This is the crux of my argument about the internet operating system. We are once again approaching the point at which the Faustian bargain will be made: simply use our facilities, and the complexity will go away. And much as happened during the 1980s, there is more than one company making that promise. We're entering a modern version of "the Great Game", the rivalry to control the narrow passes to the promised future of computing. (John Battelle calls them "points of control".) This rivalry is seen most acutely in mobile applications that rely on internet services as back-ends. As Nick Bilton of the New York Times described it in a recent article comparing the Google Nexus One and the iPhone:Chad Dickerson, chief technology officer of Etsy, received a pre-launch Nexus One from Google three weeks ago. He says Google's phone feels connected to certain services on the Web in a way the iPhone doesn't. "Compared to the iPhone, the Google phone feels like it's part of the Internet to me," he said. "If you live in a Google world, you have that world in your pocket in a way that's cleaner and more connected than the iPhone."Never mind the technical details of whether the Internet really has an operating system or not. It's clear that in mobile, we're being presented with a choice of platforms that goes far beyond the operating system on the handheld device itself.
The same thing applies to the iPhone. If you're a MobileMe, iPhoto, iTunes or Safari user, the iPhone connects effortlessly to your pictures, contacts, bookmarks and music. But if you use other services, you sometimes need to find software workarounds to get access to your content.
In comparison, with the Nexus One, if you use GMail, Google Calendar or Picasa, Google's online photo storage software, the phone connects effortlessly to these services and automatically syncs with a single log-in on the phone.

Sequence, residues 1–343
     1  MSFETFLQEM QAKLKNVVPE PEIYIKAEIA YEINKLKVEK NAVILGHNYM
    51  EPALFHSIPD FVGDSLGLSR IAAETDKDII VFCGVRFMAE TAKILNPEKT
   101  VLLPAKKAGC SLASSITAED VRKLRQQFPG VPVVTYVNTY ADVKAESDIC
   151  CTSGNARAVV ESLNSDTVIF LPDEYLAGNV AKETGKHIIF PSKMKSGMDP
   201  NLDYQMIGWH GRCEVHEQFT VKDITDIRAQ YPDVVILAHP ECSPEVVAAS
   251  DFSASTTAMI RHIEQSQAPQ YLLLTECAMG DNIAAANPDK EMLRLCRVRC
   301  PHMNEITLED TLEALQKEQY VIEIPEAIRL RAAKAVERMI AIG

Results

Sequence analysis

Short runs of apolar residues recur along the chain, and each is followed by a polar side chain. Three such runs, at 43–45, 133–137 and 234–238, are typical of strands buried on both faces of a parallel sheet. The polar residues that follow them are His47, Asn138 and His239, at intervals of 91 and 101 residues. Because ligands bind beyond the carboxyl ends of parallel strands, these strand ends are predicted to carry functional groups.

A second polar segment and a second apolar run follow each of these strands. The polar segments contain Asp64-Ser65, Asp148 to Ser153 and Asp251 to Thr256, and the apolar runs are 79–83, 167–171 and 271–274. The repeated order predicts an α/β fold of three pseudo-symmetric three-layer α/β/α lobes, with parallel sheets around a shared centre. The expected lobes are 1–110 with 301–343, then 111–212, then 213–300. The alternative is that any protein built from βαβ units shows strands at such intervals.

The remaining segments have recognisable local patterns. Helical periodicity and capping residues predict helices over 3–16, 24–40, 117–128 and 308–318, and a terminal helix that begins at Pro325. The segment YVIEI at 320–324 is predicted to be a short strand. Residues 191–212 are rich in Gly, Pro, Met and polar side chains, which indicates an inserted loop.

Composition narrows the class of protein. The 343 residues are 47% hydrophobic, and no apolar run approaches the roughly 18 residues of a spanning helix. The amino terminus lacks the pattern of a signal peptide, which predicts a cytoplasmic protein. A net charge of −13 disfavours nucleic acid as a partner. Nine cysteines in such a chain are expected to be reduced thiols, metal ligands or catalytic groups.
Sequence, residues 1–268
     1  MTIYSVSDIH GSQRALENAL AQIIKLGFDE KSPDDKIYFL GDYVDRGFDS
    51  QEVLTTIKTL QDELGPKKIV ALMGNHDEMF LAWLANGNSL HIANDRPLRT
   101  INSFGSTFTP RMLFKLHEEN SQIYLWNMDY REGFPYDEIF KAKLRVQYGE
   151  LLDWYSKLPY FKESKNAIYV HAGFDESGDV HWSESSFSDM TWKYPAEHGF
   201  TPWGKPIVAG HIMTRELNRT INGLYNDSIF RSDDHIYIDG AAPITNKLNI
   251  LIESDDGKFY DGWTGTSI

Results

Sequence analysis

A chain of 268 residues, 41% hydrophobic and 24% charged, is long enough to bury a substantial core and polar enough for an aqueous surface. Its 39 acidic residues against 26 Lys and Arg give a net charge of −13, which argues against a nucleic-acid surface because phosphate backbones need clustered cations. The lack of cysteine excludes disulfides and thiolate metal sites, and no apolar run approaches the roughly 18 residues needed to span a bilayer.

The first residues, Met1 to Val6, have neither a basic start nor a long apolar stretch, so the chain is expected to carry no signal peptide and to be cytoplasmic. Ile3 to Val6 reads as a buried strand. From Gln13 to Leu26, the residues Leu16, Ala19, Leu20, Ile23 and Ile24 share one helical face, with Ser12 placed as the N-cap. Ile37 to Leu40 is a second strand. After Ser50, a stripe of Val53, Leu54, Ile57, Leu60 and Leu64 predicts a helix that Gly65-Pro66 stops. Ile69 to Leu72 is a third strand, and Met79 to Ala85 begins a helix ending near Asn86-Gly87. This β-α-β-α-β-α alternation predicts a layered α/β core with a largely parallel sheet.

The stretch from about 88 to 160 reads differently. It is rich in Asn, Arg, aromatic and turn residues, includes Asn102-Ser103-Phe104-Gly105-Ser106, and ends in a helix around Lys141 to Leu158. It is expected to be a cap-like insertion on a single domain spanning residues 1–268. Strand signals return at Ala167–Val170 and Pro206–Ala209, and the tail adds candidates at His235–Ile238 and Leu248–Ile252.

The phones work perfectly with their respective software, but both of them don't make an effort to play nice with other services.
One aspect I think you missed is that the PC was (and is) a limited resource. Microsoft's unification (which went back to a letter to the world written by Bill Gates) was of course an important step in the evolution of the desktop PC (even if it wasn't really a new concept). The notion that print drivers were ever attached to applications in the first place had many people scratching their heads.
When I read Gates letter I said "YES!" that's what we need... a REAL operating system like what we already have on mainframes, minicomputers, etc. Of course at the time we were led to believe that OS/2 would be the combined effort of IBM and Microsoft that would make that happen. What happened instead was NT, which required a bigger faster machine to even install. And then Windows outgrew that machine, and then the one after that, and so on.
Things haven't changed much, the rate at which our OSs outgrow our desktop hardware has slowed, but not by much.
The cloud doesn't have that problem though. If all my local computer can do is run a network card and the display halfway decently I have access via the Internet to an infinitely expandable machine. 8 bit, 16 bit, 32 bit 64 bit 128 bit, I don't have to care as I am most likely not to be writing network based applications in either assembler language or even C. Multiple architectures can exist simultaneously and there is no need to worry about "bloat" as each server is only doing what it knows how to do in the way it knows how to do it.
Yes, Facebook, or Google or some other company could claim to simplify it all for us and might in fact provide a useful service in trying. But as soon as such a company sits down to rest some other company may well be tapping into that customer base, doing the one thing that was forgotten or not done very well.
Users (particularly users who "program") need to demand open APIs, eschew companies that won't offer them and steer end users (who don't program) away from the tar pits. I hope to see more of that, and in shouts, not just polite whispers.